Wednesday, February 08, 2017

[cmrfqpcl] Before and outside the Big Bang

The universe is and has always been infinite in size.  It has also existed forever in time.  We'll explain these assumptions later (tl;dr: Occam's Razor).  We are challenging the conventional notion that the universe had a start point in time, the Big Bang, and at that start point it was infinitesimally small.

A long time ago, the infinite universe was very hot and dense, so hot that the 4 known fundamental forces (gravity, strong, weak, EM) were merged into one.

Space expanded, so the universe got cooler.  Note that space remained infinite in size as it expanded, kind of like multiplying infinity by 2.  It's twice as large, but still infinity.  Things close together got further apart throughout the infinite universe as it expanded.

At some time point, Tgravity, it got cool enough for gravity to separate out from that one merged fundamental force.  Tgravity is a negative number for reasons we'll explain later.

Space expanded more, the universe got cooler, and at time point Tstrong, the strong nuclear force separated from the electroweak force.  Actually, we'll define Tstrong to be 0 for reasons we'll explain later.  So, immediately after this time 0, the forces were gravity, strong, and electroweak.

Space expanded (a lot) more, the universe got cooler, and the weak nuclear force separated from the electromagnetic force at time T_weak.  We actually know the value of T_weak to be about 10^-12 seconds based on particle accelerator experiments which can recreate the temperature of the universe (slightly) before T_weak.

We wrote above that space expanded "a lot" because, during some interval between 0 and T_weak, inflation happened.  It happened much closer to the 0 end.  More about that later.

The unconventional selection of Tstrong=0 is motivated by philosophical and practical considerations of what we can and cannot know.  There is a huge energy gap (10^12) between the electroweak and Grand Unified Theory scales: GUT explains the universe between Tgravity and 0, i.e., "negative time".  We will "never" be able to do experiments at the GUT scale: certainly not on Earth.  They are too unimaginably difficult: a trillion times more energy than the LHC.  Therefore we will never be able to know (that is, experimentally confirm) what the universe was like at or before time 0.  Incidentally, this means we will never know what time Tgravity was.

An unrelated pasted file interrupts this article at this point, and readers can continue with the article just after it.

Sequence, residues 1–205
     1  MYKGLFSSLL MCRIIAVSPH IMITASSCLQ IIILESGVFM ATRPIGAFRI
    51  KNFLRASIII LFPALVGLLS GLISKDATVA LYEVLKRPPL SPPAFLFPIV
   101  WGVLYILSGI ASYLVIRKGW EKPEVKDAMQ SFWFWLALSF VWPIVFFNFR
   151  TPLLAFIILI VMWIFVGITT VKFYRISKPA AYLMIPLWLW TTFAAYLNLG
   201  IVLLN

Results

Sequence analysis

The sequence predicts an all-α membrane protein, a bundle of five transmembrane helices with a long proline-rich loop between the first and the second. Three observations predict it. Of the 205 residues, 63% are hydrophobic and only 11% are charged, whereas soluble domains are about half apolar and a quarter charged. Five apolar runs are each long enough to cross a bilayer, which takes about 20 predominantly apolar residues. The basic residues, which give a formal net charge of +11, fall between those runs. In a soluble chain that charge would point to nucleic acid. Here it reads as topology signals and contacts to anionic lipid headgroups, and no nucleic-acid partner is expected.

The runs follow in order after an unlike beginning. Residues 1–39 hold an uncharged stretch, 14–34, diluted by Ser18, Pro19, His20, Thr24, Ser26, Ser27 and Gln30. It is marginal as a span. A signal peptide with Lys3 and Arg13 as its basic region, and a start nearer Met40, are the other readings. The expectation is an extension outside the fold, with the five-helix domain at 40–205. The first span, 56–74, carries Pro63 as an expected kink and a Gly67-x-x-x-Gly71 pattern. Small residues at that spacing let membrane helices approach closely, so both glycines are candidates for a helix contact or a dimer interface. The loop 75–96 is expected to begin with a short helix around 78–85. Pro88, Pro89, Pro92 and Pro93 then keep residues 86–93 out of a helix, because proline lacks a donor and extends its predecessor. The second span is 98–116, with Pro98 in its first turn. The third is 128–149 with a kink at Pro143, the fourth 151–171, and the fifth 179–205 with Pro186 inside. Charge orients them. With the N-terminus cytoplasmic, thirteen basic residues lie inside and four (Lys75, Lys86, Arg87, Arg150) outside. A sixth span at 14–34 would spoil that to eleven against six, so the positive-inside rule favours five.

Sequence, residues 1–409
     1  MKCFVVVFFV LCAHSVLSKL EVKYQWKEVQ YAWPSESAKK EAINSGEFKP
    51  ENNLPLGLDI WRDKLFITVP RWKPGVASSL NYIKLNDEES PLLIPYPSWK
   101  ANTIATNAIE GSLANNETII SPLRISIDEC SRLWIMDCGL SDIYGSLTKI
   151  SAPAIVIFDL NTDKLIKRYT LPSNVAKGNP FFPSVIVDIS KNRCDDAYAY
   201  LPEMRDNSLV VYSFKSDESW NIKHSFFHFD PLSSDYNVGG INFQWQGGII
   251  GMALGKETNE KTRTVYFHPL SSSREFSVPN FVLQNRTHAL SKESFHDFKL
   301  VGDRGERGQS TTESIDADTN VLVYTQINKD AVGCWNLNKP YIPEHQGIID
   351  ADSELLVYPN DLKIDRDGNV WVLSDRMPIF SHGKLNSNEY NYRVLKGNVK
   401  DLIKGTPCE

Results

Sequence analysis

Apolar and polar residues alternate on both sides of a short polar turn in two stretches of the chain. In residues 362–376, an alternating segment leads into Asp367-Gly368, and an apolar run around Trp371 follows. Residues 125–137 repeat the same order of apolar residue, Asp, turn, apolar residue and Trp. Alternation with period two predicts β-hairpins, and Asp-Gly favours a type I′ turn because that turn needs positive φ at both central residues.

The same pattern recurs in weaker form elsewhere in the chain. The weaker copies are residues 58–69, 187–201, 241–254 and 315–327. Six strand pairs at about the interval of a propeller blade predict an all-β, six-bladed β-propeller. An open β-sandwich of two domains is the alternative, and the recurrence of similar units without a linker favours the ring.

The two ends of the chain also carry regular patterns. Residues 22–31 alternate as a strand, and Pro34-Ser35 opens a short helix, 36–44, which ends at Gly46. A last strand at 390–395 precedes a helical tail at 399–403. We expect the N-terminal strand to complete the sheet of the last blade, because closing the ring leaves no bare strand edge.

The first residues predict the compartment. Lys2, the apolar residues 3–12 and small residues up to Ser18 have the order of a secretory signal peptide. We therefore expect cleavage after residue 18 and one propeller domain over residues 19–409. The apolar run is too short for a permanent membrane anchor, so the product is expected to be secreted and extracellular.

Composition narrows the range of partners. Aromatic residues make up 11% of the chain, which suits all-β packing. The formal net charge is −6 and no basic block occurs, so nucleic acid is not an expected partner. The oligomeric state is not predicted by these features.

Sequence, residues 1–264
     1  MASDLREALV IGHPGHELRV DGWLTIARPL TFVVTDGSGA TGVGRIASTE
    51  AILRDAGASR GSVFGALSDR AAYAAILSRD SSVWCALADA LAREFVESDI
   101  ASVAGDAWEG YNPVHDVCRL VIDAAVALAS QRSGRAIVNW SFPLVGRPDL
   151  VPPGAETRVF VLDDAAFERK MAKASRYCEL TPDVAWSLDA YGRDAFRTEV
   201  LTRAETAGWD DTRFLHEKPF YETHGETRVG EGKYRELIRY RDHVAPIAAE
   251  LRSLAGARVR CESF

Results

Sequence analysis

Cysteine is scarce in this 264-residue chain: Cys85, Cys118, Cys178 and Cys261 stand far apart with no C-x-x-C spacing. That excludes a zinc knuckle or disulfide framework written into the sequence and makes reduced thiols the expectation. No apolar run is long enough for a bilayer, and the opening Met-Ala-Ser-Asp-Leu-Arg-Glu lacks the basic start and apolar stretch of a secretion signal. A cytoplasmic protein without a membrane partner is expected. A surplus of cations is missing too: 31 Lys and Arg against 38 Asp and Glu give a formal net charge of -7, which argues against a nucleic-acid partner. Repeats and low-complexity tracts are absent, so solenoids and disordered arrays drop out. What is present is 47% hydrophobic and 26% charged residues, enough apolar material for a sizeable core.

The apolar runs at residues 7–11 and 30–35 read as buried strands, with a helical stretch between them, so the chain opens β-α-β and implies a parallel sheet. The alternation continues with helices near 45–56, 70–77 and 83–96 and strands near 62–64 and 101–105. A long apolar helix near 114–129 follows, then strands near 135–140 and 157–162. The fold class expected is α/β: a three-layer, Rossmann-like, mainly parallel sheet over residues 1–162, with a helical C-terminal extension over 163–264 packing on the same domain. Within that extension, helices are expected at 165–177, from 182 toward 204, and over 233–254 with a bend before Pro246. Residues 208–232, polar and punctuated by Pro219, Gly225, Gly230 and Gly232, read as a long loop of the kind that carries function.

Similarly, we will never, ever, be able to experimentally confirm a Theory Of Everything (TOE) a.k.a quantum gravity a.k.a. string theory, a theory about what universe was like before the negative time point Tgravity, called the Planck scale.  In fact, time points before Tgravity might be ill-defined, because gravity separating out from the other forces means that only then did spacetime come to exist, so only then did time itself and consequently things like causality come to exist.  Before that point, timey-wimey wibbly wobbly.

(Maybe our descendants or alien civilizations will prove me wrong about what we can scientifically know, then we will regret this choice of zero (like Fahrenheit).  Scientific American's The Amateur Scientist did whimsically propose building an Ultimate Collider to test TOEs.)

Actually time might have also behaved funny during inflation: inflation did very strange things to space, so we speculate it also did strange things to spacetime and consequently time.  We may never understand inflation: it is so close to the GUT scale that experiments probing it seem almost as unimaginable as experiments testing a GUT.  It might have been better to define the end of inflation as the zero time point.  Only then did time start flowing the way we experience it now.  The quoted value of T_weak above is the time interval between the end of inflation and the end of the electroweak epoch.